The families of flowering plants
Habit and leaf form. Arborescent, or shrubs; without essential oils (or nearly so). Leaves evergreen; alternate; spiral to distichous; simple. Lamina dissected to entire; when dissected, pinnatifid (lobed); pinnately veined. Leaves exstipulate.
Leaf anatomy. Stomata present; anomocytic, or paracytic. The mesophyll without etherial oil cells.
Axial (stem, wood) anatomy. Nodes unilacunar (with one broad trace). Internal phloem absent. Secondary thickening developing from a conventional cambial ring. Primary medullary rays narrow. The axial xylem without vessels.
The axial xylem presumably with tracheids. Included phloem absent.
Reproductive type, pollination. Fertile flowers functionally male, or functionally female. Plants dioecious.
Inflorescence, floral, fruit and seed morphology. Flowers aggregated in inflorescences. The ultimate inflorescence units cymose. Inflorescences axillary. Flowers partially acyclic. The perianth acyclic. Floral receptacle markedly hollowed (more or less, in female flowers), or not markedly hollowed (slightly convex, in male flowers). Free hypanthium present.
Perianth sequentially intergrading from sepals to petals; 5–8; weakly joined (basally); spiralled.
Androecium in male flowers 30–100 (more or less numerous). Androecial members maturing centripetally (?); of the outer cycle adnate (basally, to the tepals); free of one another; 3–5 whorled (in several cycles). Androecium (male flowers) exclusively of fertile stamens. Stamens 30–100 (more or less numerous); more or less laminar. Anthers adnate (with adaxial thecae); non-versatile; dehiscing via longitudinal slits; introrse. Pollen grains aperturate to nonaperturate; if detectably aperturate, obscurely 1 aperturate (or with an irregular, distal, unthickened zone in the exine); sulcate.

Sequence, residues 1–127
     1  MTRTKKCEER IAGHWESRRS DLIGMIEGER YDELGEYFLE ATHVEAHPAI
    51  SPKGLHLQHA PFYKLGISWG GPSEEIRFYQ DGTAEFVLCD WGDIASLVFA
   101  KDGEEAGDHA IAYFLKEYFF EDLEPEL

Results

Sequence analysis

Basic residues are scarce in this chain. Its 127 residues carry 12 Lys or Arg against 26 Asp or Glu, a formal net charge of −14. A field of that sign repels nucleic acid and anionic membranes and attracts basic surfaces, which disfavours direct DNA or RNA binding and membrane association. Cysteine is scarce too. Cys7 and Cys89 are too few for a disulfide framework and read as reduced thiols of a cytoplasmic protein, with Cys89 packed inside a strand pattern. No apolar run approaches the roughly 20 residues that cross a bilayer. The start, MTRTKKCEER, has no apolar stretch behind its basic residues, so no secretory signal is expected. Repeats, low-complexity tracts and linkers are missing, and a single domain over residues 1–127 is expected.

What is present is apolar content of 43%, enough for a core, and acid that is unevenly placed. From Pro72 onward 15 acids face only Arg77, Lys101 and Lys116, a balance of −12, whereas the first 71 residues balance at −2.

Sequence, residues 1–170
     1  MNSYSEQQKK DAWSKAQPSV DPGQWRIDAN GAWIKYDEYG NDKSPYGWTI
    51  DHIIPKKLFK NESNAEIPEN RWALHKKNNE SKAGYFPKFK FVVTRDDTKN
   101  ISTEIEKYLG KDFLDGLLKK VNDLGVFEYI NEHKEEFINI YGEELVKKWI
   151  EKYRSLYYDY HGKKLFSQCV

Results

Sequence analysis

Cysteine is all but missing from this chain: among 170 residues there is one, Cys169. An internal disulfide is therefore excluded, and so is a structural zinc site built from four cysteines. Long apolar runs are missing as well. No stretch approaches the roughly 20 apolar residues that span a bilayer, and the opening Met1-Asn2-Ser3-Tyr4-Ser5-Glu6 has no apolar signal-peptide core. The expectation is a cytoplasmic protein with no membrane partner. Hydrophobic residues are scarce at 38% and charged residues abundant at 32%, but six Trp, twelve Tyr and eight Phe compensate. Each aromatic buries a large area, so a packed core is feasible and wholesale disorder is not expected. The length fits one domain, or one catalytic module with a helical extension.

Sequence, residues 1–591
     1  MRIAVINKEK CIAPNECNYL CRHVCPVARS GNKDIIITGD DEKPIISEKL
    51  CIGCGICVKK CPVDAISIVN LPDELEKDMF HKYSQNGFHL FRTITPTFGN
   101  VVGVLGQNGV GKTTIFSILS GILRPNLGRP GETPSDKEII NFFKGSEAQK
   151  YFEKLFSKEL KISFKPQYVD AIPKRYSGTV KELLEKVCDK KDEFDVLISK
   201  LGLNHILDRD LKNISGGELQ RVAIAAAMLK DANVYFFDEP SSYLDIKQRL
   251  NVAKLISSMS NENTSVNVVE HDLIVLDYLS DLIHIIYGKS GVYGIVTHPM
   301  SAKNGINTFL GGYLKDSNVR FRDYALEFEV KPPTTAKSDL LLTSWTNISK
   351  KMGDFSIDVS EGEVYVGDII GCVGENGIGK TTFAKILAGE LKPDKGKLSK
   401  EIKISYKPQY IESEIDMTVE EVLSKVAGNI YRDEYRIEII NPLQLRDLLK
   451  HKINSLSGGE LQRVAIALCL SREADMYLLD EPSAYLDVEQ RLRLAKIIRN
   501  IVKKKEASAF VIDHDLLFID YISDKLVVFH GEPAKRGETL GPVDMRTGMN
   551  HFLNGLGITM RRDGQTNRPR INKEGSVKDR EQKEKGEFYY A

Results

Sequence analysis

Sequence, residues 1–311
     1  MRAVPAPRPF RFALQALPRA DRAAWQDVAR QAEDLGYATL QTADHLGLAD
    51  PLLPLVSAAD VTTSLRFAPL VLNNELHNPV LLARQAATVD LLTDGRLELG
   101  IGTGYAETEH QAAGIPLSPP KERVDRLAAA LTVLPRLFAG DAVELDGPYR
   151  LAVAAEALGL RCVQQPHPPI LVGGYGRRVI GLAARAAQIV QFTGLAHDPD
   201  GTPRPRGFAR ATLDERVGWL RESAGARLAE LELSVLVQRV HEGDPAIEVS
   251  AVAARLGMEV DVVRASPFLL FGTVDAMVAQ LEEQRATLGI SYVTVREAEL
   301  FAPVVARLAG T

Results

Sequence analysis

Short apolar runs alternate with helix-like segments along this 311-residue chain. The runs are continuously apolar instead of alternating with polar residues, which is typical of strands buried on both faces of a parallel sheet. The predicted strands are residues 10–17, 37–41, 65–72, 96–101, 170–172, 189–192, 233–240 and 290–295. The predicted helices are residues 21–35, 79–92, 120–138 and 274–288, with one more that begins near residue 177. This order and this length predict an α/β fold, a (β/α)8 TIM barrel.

Gynoecium 5–8 carpelled; apocarpous; eu-apocarpous (the carpels in a single whorl); superior. Carpel incompletely closed (unsealed at the tip); with a sessile stigma having two expanded flanges; 1 ovuled. Placentation marginal. Ovary stipitate. Ovules anatropous.
Fruit an aggregate. The fruiting carpel indehiscent; drupaceous (stipitate). Seeds endospermic. Embryo well differentiated (minute, basal). Cotyledons 2.
Physiology, phytochemistry. Aluminium accumulation demonstrated. Sieve-tube plastids S-type.
Geography, cytology. Paleotropical. New Caledonia. N = 13 (2n = 26).
Taxonomy. Subclass Dicotyledonae; Crassinucelli. Dahlgrens Superorder Magnoliiflorae; Laurales. Cronquists Subclass Magnoliidae; Laurales. APG 3 peripheral angiosperms; Superorder Amborellanae; Order Amborellales.
Species 1. Genera 1; Amborella trichopoda the only species.
General remarks. The 1999 International Botanical Congress (St. Louis) candidate for the most primitive Angiosperm!.
Illustrations. • Amborella trichopoda (DaTuOpinion.com, 2004).
We advise against extracting comparative information from the descriptions. This is much more easily achieved using the DELTA data files or the interactive key, which allows access to the character list, illustrations, full and partial descriptions, diagnostic descriptions, differences and similarities between taxa, lists of taxa exhibiting or lacking specified attributes, distributions of character states within any set of taxa, geographical distribution, genera included in each family, and classifications (Dahlgren; Dahlgren, Clifford, and Yeo; Cronquist; APG). See also Guidelines for using data taken from Web publications.
Cite this publication as: ‘Watson, L., and Dallwitz, M.J. 1992 onwards. The families of flowering plants: descriptions, illustrations, identification, and information retrieval. Version: 19th October 2016. delta-intkey.com’.